Last set of garden…

Last set of garden photos for the night, I swear. I am getting over my prejudice against hostas -- it's entirely unfair, and it's just because *so* many people around here just plant gazillion hostas and call that a garden and I had gotten tired of them. But in the right place, like here, where this white-edged one lights up a darkly-shaded hellstrip, they're valuable -- tough, drought-tolerant, and luscious. It'll bloom at some point, but its main value is for its leaves. I have some blue-tinged ones in there too, which I am growing fond of.

I experimented with planting a few ruffled irises last year, including this pale purple one, which I believe is Pallida Dalmatica? And I do like them, but I think I like my stands of deep purple iris sibirica, Caesar's Brother, even better. Their slender vibrance is just classic, especially in big drifts.

I'm going to try to move those columbine tomorrow, I think, to join their companions. In case they don't survive the journey, I wanted to leave you with a last look at their delicate beauty. The pink one is like a dancer.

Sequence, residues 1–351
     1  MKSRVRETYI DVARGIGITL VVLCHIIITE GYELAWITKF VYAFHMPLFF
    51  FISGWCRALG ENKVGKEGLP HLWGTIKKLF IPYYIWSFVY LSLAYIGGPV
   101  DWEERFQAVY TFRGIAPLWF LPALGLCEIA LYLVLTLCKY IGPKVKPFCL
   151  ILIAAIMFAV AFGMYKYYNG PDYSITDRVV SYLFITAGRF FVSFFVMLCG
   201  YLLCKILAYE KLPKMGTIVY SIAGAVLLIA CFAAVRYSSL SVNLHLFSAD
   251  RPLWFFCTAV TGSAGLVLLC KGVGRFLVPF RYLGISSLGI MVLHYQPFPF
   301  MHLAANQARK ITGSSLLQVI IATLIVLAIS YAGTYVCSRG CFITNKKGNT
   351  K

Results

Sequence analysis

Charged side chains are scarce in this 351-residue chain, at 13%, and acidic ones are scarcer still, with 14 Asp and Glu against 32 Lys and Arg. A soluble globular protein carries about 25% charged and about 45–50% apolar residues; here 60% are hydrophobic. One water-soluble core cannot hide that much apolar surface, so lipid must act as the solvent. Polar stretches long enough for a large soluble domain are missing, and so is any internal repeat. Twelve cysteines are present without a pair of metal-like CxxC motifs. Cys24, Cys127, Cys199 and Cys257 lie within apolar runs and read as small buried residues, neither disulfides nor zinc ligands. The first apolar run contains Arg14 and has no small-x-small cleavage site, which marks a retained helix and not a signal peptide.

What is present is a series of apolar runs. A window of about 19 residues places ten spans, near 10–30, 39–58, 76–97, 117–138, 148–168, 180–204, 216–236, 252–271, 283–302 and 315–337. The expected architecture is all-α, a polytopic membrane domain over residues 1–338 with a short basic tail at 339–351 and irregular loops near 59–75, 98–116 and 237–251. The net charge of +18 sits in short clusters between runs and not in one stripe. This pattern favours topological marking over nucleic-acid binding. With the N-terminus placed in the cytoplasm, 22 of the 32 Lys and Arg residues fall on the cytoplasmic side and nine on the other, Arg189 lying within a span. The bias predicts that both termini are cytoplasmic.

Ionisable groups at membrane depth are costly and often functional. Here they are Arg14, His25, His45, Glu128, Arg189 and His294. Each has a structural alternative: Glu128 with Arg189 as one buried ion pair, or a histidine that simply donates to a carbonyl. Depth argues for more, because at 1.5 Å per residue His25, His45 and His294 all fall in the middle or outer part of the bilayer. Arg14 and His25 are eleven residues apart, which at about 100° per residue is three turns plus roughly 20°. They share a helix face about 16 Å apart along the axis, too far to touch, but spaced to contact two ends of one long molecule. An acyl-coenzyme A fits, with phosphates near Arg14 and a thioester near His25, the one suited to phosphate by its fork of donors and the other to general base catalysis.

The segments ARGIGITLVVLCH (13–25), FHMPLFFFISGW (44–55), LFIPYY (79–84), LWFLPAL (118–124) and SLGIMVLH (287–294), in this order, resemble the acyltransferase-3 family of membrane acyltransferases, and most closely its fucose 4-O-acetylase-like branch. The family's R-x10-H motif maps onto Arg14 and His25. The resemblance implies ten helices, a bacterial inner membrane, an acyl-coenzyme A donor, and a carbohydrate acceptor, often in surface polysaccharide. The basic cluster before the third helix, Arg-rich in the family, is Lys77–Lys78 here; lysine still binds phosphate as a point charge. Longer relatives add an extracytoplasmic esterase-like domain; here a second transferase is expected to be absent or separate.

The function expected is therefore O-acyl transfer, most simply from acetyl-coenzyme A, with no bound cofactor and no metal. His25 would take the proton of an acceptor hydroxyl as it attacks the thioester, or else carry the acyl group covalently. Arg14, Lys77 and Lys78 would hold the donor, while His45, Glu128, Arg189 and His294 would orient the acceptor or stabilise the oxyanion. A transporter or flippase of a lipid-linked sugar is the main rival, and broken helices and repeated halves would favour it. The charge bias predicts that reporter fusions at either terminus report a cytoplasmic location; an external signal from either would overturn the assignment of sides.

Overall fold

*****

Kat, here's a detail for you about Pallida Dalmatica, though I think just having one plant will be of little use to you!

"The grape-scented, lavender-blue iris known as I. pallida Dalmatica has been used in perfumery and distillery since ancient times, and its still being farmed for that purpose today  as seen in the photo below taken in Tuscany by our good customer Debbie Hughes of Wellsville, Kansas.

Inspired by Debbies photo and with some help from Google, we discovered the Sagrona vineyard, a small family vineyard in the heart of Chianti where I. pallida is grown amid the grapes as it has been for centuries. As youll see at sagrona.com, its not the iris flowers that are harvested but the rhizomes. Peeled by hand and dried for two to five years, the rhizomes develop a violet-like scent and fixative properties that preserve the chemical structure of other fragrances, prolonging their aroma. A ton of dried rhizomes  known as orris root  yields 4 pounds of a thick, oily, and very expensive substance known as orris butter which is still widely used in making high-end fragrances  and gin"

https://www.oldhousegardens.com/MoreAboutPallidaDalmatica.aspx

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